Update: A large-scale oil spill response exercise involving more than 600 people is wrapping up in Maine.

The so-called Spill of National Significance Exercise aims to test the preparedness of oil spill clean-up vessels and numerous federal and state agencies in responding to a massive oil spill at sea.

The exercise has been centered in Portland, where vessels on Wednesday responded to a simulated spill in the harbor while hundreds of people in an onshore command center monitored the vessels and worked on the logistics of coordinating a response.

The drill wraps up today with officials participating from Maine, Boston, New Hampshire and Washington, D.C.

The exercise is held every three years. This is the first time it was held in New England.

1 a.m.

PORTLAND — By noon, the stress levels were rising in the ballroom at the Holiday Inn by the Bay.

Dozens of people stationed around the room, already dealing with a mock collision that dumped 2 million gallons of crude oil into Casco Bay two days earlier, faced a new disaster: The car carrier ship that had crashed into the tanker outside Portland Harbor had just sunk between Cushing Island and Portland Head Light, resulting in yet another spill.

“This is designed to really push us,” said Capt. James McPherson, commander of Coast Guard Sector Northern New England, who was leading the exercise.

More than 500 people from dozens of public agencies and private businesses participated in the two-day drill to test the region’s emergency response system. The object was to try to contain the spill and begin to clean up the damage.

The Coast Guard and the U.S. Environmental Protection Agency lead a major oil spill exercise every three years. Portland was a natural choice for a drill because it is the second-largest oil port on the East Coast. Only Philadelphia is larger.

It was also the first drill in northern waters in the winter.

While the hotel was the command center, emergency response teams were stationed throughout the city. A mock registration center for cleanup volunteers was set up at 312 Canco Road, and emergency responders tested equipment out in Casco Bay, near Fort Gorges, with a helicopter hovering overhead.

In Saco, a group of responders worked to keep the mock spill from entering Goosefare Brook and the marshes behind it, while other exercises were conducted in harbors in Portsmouth, N.H., and Boston.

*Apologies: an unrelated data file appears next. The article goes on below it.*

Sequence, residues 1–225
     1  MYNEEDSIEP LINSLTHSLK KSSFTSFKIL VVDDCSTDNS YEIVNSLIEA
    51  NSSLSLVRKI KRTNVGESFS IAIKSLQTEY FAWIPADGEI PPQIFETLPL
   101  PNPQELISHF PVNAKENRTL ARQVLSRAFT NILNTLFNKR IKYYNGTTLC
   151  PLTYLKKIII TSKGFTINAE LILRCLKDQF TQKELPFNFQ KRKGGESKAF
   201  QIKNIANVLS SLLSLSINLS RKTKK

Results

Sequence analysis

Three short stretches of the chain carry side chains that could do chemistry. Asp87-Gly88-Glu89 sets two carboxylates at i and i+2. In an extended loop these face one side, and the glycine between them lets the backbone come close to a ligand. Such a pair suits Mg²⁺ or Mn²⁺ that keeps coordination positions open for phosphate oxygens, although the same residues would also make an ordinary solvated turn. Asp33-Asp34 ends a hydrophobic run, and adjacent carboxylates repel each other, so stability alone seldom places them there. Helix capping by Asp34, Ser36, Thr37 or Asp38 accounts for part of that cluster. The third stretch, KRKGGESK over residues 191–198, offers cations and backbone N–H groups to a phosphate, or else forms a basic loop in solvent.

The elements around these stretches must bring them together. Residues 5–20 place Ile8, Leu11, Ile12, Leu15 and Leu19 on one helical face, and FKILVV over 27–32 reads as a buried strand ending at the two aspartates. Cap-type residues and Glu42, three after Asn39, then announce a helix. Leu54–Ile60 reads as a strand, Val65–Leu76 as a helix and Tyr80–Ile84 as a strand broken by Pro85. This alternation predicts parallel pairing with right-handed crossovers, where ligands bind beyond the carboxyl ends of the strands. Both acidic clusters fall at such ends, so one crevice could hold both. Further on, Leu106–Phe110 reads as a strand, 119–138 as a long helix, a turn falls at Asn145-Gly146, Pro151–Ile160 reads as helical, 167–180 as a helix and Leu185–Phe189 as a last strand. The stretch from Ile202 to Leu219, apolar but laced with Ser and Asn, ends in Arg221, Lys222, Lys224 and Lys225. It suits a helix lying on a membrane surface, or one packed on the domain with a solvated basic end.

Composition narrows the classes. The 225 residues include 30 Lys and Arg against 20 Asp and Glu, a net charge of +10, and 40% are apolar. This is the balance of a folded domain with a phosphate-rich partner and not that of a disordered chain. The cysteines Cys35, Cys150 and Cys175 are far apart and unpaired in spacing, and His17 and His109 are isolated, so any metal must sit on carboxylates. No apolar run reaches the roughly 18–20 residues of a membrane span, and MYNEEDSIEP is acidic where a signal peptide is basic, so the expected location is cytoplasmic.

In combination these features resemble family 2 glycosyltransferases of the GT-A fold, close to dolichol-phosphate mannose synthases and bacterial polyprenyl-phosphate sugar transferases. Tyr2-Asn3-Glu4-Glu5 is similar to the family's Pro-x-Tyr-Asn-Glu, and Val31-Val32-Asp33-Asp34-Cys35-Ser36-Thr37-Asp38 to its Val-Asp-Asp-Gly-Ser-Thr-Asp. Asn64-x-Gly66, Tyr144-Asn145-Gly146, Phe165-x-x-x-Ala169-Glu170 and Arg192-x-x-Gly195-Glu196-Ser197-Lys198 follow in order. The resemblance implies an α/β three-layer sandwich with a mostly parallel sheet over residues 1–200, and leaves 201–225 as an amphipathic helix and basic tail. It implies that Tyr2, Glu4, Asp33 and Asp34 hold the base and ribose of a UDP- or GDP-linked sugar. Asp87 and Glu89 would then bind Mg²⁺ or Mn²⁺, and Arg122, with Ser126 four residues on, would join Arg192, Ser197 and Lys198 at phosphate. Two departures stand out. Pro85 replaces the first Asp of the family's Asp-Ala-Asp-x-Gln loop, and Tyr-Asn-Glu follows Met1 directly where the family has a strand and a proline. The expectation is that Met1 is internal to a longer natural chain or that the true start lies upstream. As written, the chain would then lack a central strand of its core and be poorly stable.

McPherson said the drill will make Coast Guard Sector Northern New England, based in South Portland, much better prepared for a disaster. When the drill is over, the Coast Guard will inherit the geospatial maps, the computer system and some of the other equipment involved.

At the hotel, the commotion continued as visitors, including gubernatorial candidates, toured the command center while the disaster played out.

Teams of workers performed various tasks: getting information to the media, assessing the location of the spill, deploying cleanup and salvage teams, and managing the logistics of feeding and housing the hundreds of emergency responders who would descend on the area in the event of a real disaster.

Senior Chief Petty Officer Todd Wardwell reported that, just a little over 48 hours after the initial spill, emergency workers had recovered about 10 percent of the oil.

There was even a team calculating the costs of the emergency response, to tally up the cleanup bill, which would be paid largely by the responsible party, in this case Shell Oil Co., which also is paying much of the cost of the drill.

Officials didn’t have a final figure on the cost of the two-day exercise, but estimated it would run into hundreds of thousands of dollars.

The drill will continue today with an appearance by Gov. John Baldacci at a press conference sponsored by Repower Maine, a clean-energy organization. The event is billed as a call for federal legislation to move the country away from fossil fuels and the threats they pose to the environment.

 

Staff Writer Beth Quimby can be contacted at 791-6363 or at:

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